June 21, 2018 05:00PM
With a few minor modifications, a pair of mixed-use hotel proposals in Edgewater and Brickell received a seal of approval from Miami’s Urban Development Review Board. Both projects went before the board on Thursday to request design waivers.
The board first heard from Miguel Diaz de la Portilla and Kobi Karp, the attorney and architect, respectfully, for Prime Biscayne Property LLC, which submitted a proposal to build a 13-story hotel with 137 rooms, a pool, tiki lounge, indoor lounge and roughly 17,000 square feet of commercial space. The project, totaling 147,363 square feet, would rise on 3047 Biscayne Boulevard, which is currently the site of the Peruvian restaurant Limon y Sabor.
Diaz de la Portilla told board members that Prime Biscayne was requesting four waivers related to parking and the building’s driveway due to the size of the redevelopment site. “It is a small site that has some limitations,” Diaz de la Portilla said. “We want to allow parking in the second layer in the principal and secondary frontage due to the physical limitations of the site.”
Karp said the podium would house 6,900 square feet of commercial space and 10,575 feet of office space. He said the goal was to increase pedestrian traffic and bring life to the side streets near Biscayne Boulevard.
A Loopnet listing shows the property, which is on the market for $8.75 million, is under contract.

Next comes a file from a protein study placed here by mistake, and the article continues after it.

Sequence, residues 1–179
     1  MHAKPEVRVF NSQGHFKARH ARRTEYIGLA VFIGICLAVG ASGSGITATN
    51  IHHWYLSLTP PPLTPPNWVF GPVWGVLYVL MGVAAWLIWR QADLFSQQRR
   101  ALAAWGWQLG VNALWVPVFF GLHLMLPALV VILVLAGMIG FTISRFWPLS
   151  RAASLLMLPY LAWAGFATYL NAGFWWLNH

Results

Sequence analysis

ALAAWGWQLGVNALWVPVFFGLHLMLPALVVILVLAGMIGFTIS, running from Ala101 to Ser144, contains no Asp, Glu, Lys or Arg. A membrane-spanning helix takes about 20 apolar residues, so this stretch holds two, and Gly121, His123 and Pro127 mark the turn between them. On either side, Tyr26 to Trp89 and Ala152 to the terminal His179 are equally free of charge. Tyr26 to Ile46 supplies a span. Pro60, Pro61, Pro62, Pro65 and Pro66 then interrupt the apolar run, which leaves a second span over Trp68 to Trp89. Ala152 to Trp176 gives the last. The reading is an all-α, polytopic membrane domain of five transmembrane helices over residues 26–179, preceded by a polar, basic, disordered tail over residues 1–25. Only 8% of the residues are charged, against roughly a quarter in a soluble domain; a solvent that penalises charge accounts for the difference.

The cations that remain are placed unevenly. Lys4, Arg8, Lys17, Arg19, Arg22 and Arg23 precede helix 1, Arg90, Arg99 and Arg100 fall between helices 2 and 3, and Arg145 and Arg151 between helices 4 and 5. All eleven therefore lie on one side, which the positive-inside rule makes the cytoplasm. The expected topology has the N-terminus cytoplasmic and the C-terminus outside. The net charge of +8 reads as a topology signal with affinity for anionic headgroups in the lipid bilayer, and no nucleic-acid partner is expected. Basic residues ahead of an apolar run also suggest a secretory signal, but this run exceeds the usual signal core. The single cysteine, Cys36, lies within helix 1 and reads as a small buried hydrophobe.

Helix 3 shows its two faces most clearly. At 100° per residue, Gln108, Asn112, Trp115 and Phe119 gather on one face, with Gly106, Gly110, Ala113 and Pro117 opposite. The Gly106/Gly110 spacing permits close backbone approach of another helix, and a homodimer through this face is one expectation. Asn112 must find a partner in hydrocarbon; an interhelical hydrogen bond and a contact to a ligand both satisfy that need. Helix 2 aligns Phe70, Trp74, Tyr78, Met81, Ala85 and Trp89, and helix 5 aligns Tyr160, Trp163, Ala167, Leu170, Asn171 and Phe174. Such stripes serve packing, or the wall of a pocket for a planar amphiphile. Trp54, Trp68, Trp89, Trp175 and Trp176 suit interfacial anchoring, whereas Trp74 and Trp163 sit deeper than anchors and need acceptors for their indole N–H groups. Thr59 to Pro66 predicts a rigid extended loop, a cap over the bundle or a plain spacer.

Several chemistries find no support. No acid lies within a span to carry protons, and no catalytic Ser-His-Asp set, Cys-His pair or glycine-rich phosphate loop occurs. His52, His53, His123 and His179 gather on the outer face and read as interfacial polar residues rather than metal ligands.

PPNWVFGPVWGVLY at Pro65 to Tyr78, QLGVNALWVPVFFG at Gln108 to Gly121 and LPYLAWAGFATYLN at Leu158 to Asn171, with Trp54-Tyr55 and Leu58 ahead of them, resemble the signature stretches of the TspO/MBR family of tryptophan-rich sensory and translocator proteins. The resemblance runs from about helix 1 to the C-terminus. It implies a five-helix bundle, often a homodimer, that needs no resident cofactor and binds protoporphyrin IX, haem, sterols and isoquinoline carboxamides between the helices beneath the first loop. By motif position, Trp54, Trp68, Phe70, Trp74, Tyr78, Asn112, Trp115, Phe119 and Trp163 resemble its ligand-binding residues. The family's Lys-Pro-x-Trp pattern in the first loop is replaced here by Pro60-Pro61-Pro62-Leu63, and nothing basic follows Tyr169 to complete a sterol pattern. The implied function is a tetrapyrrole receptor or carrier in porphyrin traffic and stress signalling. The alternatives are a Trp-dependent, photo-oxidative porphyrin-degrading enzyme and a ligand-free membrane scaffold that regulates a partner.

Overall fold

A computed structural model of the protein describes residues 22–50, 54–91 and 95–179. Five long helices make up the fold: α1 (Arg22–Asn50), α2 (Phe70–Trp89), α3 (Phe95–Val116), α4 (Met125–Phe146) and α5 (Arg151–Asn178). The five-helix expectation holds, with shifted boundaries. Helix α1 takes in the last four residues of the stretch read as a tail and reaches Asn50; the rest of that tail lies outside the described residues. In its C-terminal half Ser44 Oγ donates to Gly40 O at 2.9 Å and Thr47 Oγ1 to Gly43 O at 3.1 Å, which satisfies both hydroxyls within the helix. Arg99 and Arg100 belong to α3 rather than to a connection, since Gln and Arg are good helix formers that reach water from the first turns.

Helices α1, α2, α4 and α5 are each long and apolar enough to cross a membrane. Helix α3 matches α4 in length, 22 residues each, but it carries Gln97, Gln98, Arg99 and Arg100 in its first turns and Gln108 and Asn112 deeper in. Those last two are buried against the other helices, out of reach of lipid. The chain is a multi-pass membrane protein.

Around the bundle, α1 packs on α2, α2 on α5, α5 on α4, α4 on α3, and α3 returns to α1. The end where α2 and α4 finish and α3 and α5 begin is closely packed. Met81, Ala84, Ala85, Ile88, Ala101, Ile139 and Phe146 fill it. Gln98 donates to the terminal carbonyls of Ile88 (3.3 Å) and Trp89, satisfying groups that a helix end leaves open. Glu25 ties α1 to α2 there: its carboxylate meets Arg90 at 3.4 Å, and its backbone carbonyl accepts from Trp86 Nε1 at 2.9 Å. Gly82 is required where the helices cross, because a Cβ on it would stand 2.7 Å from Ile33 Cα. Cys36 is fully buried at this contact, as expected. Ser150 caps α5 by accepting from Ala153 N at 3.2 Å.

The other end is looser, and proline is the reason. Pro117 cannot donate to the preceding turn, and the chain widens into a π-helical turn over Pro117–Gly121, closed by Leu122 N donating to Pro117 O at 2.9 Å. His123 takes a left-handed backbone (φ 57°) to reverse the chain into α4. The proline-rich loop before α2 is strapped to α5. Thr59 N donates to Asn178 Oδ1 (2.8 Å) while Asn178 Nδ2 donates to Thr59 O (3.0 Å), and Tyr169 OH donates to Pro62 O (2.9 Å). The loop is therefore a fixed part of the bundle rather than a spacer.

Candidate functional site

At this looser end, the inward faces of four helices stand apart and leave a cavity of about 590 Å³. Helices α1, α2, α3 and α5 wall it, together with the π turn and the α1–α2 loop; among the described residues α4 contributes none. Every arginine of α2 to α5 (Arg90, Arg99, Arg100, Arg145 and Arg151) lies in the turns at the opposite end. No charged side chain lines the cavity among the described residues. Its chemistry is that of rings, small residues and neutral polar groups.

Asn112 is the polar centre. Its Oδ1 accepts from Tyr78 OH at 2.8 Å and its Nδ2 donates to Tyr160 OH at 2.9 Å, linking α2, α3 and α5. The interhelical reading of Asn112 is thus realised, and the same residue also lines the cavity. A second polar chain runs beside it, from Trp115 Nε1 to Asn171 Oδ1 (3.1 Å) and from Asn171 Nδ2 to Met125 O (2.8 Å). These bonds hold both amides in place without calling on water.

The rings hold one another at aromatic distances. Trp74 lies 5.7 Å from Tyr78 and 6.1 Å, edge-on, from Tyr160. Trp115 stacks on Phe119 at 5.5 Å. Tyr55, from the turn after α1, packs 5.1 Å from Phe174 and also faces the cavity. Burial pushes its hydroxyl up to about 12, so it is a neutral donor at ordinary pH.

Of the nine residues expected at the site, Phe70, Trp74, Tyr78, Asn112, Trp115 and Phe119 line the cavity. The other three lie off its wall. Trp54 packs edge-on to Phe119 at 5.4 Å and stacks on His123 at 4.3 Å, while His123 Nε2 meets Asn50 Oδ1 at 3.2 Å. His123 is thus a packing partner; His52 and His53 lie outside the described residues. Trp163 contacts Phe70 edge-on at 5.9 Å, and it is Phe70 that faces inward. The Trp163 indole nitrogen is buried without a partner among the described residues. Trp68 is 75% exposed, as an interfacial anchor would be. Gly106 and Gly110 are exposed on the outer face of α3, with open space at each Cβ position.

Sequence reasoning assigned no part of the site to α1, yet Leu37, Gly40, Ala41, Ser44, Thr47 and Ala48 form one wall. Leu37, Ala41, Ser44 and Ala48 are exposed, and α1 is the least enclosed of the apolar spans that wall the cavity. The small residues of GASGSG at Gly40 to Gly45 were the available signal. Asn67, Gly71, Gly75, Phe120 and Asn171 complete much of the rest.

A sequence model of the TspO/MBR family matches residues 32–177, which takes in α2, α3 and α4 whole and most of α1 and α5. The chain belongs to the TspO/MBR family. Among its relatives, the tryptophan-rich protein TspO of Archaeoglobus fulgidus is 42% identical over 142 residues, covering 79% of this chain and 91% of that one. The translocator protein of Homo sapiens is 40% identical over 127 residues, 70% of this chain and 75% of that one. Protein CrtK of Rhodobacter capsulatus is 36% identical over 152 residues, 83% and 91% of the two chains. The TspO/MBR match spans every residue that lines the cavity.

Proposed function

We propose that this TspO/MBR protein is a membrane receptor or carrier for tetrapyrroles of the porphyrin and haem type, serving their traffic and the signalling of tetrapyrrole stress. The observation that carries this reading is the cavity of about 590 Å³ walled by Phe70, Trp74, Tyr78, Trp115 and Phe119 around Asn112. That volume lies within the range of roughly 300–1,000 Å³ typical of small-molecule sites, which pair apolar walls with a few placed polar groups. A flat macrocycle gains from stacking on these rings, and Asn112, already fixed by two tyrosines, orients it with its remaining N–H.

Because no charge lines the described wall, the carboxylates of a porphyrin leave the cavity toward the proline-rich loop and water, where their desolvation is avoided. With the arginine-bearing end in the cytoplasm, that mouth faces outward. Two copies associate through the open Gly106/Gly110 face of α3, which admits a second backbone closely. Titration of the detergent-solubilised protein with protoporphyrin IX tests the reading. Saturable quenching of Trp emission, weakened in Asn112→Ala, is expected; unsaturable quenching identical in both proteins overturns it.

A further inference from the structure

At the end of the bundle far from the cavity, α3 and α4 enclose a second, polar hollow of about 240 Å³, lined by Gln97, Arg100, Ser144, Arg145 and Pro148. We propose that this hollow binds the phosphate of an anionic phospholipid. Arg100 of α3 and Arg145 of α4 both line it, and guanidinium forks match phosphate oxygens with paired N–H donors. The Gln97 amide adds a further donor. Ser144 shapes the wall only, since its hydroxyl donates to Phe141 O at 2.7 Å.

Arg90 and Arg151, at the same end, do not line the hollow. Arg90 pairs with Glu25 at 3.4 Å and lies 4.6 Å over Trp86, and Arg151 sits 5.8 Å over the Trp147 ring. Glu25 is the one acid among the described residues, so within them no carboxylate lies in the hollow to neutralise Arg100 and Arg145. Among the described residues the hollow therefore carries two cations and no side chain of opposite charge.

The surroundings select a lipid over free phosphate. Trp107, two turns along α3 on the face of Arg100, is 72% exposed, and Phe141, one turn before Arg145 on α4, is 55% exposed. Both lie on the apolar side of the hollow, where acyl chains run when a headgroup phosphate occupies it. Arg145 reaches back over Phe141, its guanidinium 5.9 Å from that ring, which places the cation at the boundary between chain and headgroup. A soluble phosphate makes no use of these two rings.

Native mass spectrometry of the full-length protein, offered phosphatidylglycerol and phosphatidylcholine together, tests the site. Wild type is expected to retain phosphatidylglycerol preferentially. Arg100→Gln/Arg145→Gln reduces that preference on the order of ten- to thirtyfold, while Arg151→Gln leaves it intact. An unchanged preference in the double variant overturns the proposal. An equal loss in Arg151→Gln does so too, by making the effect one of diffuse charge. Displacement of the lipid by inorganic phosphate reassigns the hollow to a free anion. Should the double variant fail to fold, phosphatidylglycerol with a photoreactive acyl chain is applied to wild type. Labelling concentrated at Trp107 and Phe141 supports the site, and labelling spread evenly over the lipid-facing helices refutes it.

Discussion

Following the Prime Biscayne vote, the design board recommended approval of a mixed-use hotel to be developed by Tony Cho and Robert Finvarb. They are proposing a 21-story, 264-key dual-branded hotel at 115 Southwest Eighth Street in Brickell, near Brickell City Centre. The project, designed by Arquitectonica, would also feature 25,000 square feet of retail space, structured parking and a rooftop terrace.
Steve Wernick, the attorney for C-F Brickell LLC, a Cho and Finvarb partnership, touted the project’s proximity to the highly anticipated Underline linear park project. “It’s located right under the first phase of the Underline,” he said. “This will be a true mixed-use project that really accentuates density and intensity, activates the ground floor as much as possible and is pedestrian friendly as much as possible.”
The board approved the project, but with conditions. The members want Arquitectonica to increase the setback of the building on the Southwest 7th Street from zero feet to four feet. And the board members also want the building to have an artistic treatment and to increase the number of street trees around the project.
The partnership paid $18.4 million for the site in 2017.